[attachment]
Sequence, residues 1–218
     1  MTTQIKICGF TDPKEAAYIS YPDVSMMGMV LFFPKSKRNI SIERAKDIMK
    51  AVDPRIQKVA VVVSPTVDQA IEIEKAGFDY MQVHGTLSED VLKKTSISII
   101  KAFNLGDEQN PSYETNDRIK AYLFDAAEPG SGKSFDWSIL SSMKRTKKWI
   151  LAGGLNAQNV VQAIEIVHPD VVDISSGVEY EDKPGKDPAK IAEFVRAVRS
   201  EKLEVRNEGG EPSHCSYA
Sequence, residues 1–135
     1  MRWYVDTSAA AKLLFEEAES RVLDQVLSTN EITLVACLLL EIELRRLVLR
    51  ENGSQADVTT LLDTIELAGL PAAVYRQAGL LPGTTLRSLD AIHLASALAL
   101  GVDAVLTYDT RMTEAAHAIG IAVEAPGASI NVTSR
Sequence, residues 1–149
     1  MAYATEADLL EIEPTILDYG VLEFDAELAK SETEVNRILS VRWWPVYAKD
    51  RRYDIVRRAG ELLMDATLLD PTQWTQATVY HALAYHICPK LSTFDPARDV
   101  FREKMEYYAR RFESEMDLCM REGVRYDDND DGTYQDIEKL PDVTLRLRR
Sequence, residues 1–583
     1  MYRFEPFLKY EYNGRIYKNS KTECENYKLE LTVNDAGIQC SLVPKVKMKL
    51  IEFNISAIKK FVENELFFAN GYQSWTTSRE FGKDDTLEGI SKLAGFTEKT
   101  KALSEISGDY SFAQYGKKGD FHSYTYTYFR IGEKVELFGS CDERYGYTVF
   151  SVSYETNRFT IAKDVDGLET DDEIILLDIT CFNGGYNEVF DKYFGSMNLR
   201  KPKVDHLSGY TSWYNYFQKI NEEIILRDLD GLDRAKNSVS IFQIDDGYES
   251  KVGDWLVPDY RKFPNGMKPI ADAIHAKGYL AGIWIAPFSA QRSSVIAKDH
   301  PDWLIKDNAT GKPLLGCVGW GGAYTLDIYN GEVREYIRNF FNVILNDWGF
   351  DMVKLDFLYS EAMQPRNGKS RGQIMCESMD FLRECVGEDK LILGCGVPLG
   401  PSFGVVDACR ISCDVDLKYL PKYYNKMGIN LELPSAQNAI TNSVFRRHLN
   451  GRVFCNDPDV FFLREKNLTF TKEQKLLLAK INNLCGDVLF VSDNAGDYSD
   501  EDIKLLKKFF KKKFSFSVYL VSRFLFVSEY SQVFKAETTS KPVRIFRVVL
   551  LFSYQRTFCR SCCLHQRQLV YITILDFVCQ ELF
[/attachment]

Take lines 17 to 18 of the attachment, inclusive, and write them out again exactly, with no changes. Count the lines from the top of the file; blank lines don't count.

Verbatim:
    51  IEFNISAIKK FVENELFFAN GYQSWTTSRE FGKDDTLEGI SKLAGFTEKT
   101  KALSEISGDY SFAQYGKKGD FHSYTYTYFR IGEKVELFGS CDERYGYTVF